Marcus Walden has been living his dream since 2007 when he was drafted out of Fresno City College by the Toronto Blue Jays in the ninth round.
But 12 minor league stops later, the ex-Central High star had doubt.
He reached his low when he was released by the Cincinnati Reds in early 2015 after one outing in Double-A and ended up playing for the Lancaster Barnstormers in the independent Atlantic League.
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Walden said he wondered if playing baseball was worth it. He thought about going back to school and earning his degree, then going into teaching and coaching.
A phone call to his wife, Nichole, changed that course.
"That night I remember him feeling kind of down and it was the first time he really started to consider another career path outside of playing," Nichole said. "I honestly just couldn’t see him doing that and I had a strong feeling that he could still make it in professional baseball. I told him to finish out the season, that we could make it work and our sacrifices would be worth it if he had a chance at getting back into affiliated ball."
It didn't happen overnight, but there is a reason Nichole is at Tropicana Field this weekend:
Marcus Walden made it to the big leagues. He's a reliever for the Boston Red Sox.
“I take a lot of pride in being 1 of 750 players on Opening Day," said Walden, who at 29 may be the oldest rookie in the majors. He's certainly one of the most grateful, especially to his wife.
“It makes it a lot easier to go out there and play knowing that she fully supports me and my career."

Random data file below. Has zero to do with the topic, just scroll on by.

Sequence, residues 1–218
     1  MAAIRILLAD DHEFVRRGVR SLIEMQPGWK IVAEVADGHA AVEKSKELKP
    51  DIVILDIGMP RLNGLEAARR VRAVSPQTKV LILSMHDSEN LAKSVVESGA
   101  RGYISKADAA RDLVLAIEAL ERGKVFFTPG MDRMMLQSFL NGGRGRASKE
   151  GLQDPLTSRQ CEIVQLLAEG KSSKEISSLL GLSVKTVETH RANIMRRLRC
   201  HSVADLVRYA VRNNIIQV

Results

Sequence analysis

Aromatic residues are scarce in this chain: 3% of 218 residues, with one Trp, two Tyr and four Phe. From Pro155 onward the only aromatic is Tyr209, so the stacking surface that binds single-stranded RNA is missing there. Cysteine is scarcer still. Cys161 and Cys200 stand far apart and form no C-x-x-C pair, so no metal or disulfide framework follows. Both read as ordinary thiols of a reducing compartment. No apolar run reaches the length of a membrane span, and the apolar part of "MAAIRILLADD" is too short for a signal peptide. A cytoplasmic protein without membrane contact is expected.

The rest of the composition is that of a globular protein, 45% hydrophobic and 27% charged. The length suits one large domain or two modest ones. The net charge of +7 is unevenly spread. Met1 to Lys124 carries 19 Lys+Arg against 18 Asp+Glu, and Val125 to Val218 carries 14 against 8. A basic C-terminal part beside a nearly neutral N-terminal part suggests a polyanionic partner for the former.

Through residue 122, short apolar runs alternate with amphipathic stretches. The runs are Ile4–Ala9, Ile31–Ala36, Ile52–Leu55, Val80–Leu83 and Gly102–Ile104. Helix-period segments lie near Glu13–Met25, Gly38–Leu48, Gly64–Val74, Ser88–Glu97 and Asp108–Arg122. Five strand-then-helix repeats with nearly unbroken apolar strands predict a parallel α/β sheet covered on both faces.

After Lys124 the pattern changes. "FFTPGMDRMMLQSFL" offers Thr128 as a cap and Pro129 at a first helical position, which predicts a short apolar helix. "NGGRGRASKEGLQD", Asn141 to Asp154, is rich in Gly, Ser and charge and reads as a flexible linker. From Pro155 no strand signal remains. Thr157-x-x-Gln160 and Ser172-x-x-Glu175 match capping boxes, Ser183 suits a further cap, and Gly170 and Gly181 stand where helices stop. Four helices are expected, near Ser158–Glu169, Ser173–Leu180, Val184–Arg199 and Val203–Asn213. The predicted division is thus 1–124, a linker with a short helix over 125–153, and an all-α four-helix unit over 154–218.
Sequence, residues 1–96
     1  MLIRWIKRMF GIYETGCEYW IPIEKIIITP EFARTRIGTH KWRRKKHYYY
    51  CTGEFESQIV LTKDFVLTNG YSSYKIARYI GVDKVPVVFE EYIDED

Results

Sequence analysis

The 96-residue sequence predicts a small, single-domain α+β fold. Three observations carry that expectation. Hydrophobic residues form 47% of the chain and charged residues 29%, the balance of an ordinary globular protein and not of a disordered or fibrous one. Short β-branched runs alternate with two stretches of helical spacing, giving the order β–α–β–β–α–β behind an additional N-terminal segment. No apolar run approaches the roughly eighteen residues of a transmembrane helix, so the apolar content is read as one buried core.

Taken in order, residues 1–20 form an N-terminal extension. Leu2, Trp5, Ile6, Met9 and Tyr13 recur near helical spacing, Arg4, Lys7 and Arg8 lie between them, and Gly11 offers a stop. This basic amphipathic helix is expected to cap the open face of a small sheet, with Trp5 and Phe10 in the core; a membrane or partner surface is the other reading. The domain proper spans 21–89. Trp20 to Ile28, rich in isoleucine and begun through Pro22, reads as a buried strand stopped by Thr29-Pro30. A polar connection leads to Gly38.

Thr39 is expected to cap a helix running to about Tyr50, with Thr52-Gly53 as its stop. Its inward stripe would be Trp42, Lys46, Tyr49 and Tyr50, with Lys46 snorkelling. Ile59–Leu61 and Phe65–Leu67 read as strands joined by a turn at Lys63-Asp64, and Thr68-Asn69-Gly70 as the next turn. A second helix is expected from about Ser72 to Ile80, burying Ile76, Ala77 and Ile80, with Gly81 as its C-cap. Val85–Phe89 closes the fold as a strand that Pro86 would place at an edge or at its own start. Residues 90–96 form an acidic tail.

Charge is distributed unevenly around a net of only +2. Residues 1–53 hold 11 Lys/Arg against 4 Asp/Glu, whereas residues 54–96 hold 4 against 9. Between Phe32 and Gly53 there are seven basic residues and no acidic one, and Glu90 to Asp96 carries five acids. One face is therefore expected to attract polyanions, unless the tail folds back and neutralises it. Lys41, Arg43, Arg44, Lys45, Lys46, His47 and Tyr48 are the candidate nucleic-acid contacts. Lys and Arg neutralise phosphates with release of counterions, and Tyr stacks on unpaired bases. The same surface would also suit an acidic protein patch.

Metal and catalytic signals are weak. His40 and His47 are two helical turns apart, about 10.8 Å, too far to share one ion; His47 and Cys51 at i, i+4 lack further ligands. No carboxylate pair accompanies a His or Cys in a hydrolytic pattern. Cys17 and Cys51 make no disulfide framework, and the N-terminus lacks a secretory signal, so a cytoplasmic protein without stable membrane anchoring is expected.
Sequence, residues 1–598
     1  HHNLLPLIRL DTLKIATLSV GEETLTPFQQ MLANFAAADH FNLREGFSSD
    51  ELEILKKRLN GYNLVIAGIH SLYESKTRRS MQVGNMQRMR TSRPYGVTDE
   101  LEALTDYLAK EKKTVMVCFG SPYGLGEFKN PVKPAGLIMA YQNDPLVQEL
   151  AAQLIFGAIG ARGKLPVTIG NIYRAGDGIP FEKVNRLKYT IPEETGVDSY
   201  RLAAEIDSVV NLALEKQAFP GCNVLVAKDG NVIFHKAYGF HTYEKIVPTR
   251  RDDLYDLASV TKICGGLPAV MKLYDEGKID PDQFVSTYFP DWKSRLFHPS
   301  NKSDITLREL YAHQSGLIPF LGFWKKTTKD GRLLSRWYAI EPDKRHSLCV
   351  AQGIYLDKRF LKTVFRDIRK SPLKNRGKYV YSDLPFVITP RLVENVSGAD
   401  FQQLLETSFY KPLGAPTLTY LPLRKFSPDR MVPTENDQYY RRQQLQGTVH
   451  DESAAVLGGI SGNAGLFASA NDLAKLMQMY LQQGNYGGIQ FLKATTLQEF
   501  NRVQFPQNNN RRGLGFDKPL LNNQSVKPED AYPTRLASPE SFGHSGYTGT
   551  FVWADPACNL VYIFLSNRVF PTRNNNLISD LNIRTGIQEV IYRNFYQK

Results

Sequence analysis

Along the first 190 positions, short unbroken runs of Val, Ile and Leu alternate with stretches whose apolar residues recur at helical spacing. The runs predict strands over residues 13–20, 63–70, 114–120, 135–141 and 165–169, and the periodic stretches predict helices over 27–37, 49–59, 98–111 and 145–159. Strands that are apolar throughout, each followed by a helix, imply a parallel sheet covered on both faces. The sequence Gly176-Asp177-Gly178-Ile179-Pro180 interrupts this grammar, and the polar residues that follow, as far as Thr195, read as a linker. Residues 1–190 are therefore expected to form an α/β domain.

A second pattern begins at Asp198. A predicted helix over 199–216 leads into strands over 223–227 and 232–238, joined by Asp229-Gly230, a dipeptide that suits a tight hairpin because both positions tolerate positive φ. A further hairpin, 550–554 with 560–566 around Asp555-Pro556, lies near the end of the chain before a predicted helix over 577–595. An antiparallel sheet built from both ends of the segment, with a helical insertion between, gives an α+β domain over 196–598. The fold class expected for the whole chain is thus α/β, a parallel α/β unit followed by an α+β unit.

From that conversation with Nichole, things started to turn around. The Waldens celebrated the birth of their daughter, Sutton, in January 2016 and Walden signed with the Minnesota Twins. He split 2016 between Double-A Chattanooga and Triple-A Rochester.
Walden hit free agency and signed with the Red Sox. He got an invitation to to the big league spring camp and spent 2017 with Triple-A Pawtucket, going 10-6 with a 3.92 ERA in 29 appearances (15 starts).
That earned another trip to the big league camp. This time, Walden made the most of his opportunity, posting a 0.64 ERA in 14 spring innings. The Red Sox bought his contract.
Nichole said it was an uneasy time during cuts.
"We realized he had a chance to make the team out of camp. The last couple days of camp I was nervous and also excited at the possibility of him making the team. When he finally got called into the manager’s office and was told he made the team, it was emotional for all of us.
"I’m incredibly proud of him. The road that led us here made us stronger and it makes this moment so much sweeter. I can’t wait to see him take the mound and help Boston win this season."